Planning a business conference can be a little unnerving if you're a newcomer. Not only are your organisational skills tested to new heights, you also have to ensure that the businesses objectives for the day are met, and that attendees go home having found it to be a productive day out of the office.
So, we created a checklist of must-haves for your next conference or business meeting, to ensure everything runs just as it should...
Your first port of call is to establish the best location for your conference. Consider where the majority of attendees will be travelling from, and how they will be travelling. Hotels and venues within easy reach of motorway links and train stations will be far more suitable for a business conference than remote countryside retreats.
It's advisable to gather a few prospective dates of availability from attendees, in case your preferred date doesn't suit everyone, or the venue you have chosen to book. Ask the venue about any special discounted rates on particular dates, such as last minute availability, advanced booking or less popular days of the week.
Understand your budget, and ensure it covers your venue hire, plus any catering and supplies for the day. This includes AV hire, stationary, reception drinks and the cost of any promotional materials.
Outline the content of your meeting and how you want to communicate this to your delegates. If you plan to present, consider that you'll need a screen, a raised stage in order to be seen and a microphone in order to be heard.
Book your meeting space once you have a confirmed number of attendees. You don't want to cram 100 people into a tight meeting room, or have a small group huddled together in a grand 500 capacity hall.
Consider how you'd like the space to be laid out (all eyes front, round tables for interactive exercises, a more informal layout style...) This way, your venue of choice will be better able to recommend the ideal space for your requirements.
Consider whether you'll need syndicate rooms for your delegates to break out into smaller groups.
Decide on the catering based on the time of day and the arrival of your delegates. If it's a morning meeting, breakfast pastries and coffee on arrival work well, and encourage a little networking before the main event.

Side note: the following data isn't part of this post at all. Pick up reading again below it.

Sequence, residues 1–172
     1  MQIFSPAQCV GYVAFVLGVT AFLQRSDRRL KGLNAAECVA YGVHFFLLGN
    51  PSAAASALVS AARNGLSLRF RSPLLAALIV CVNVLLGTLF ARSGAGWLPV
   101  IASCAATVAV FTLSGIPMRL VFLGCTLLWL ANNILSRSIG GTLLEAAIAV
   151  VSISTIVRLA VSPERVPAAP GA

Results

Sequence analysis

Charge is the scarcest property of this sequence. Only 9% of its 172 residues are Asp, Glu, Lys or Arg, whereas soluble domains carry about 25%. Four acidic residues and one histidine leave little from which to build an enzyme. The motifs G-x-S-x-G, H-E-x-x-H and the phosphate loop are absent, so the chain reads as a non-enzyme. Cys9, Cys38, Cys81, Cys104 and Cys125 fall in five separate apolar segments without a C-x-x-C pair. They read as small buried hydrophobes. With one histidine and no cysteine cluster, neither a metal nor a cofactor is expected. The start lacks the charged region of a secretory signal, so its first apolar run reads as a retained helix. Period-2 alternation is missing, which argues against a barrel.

If you plan to have lunch part-way through, delegates may expect a little longer to refuel. Work lunch into your schedule, with 10 minutes either side to ensure everyone is back in the room for when you need them.
Ask your guests for details of any special dietary requirements and let the venue know of these well in advance.
If attendees will be staying the night, ensure the venue has enough availability to avoid booking them out to different hotels. Are there Internet connections? Desks in rooms for paper work? Tea and coffee making facilities? Consider what your delegates may require, and check the venue can cover these.
Include the full address of the venue in your invitation, including a map, postcode for sat navs and details of the nearest train stations. Let delegates know where to meet on arrival, and where they can park if driving (including any parking costs).
A Helping Hand
Don't stress yourself out with an overload of tasks to cover. Consider outsourcing elements of your event, to allow yourself some breathing room to focus on the finer detail. By using event planning experts, you can lean on their expertise to ensure nothing is left to chance, and that your day runs seamlessly.
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